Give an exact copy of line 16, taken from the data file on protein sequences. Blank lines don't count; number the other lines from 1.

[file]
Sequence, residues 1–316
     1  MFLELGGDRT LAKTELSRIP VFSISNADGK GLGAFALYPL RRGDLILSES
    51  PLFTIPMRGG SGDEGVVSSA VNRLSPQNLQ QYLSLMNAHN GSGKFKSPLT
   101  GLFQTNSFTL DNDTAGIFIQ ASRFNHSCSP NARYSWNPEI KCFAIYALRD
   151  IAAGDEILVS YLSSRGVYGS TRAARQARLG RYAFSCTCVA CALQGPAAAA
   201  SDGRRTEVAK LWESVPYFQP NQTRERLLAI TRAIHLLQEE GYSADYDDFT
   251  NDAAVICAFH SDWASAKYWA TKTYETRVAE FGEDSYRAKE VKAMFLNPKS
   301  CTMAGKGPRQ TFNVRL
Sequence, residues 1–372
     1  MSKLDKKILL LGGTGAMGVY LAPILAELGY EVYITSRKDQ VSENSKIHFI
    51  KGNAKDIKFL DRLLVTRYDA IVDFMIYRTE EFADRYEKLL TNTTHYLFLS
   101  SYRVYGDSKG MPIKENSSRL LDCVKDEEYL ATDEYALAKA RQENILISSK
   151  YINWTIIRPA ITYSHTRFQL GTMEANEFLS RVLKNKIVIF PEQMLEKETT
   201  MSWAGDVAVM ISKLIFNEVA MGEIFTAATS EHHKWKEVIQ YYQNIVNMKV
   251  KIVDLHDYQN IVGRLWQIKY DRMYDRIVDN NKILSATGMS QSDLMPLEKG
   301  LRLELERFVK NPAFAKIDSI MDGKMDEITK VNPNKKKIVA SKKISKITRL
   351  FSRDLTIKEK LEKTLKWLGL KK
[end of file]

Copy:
   301  LRLELERFVK NPAFAKIDSI MDGKMDEITK VNPNKKKIVA SKKISKITRL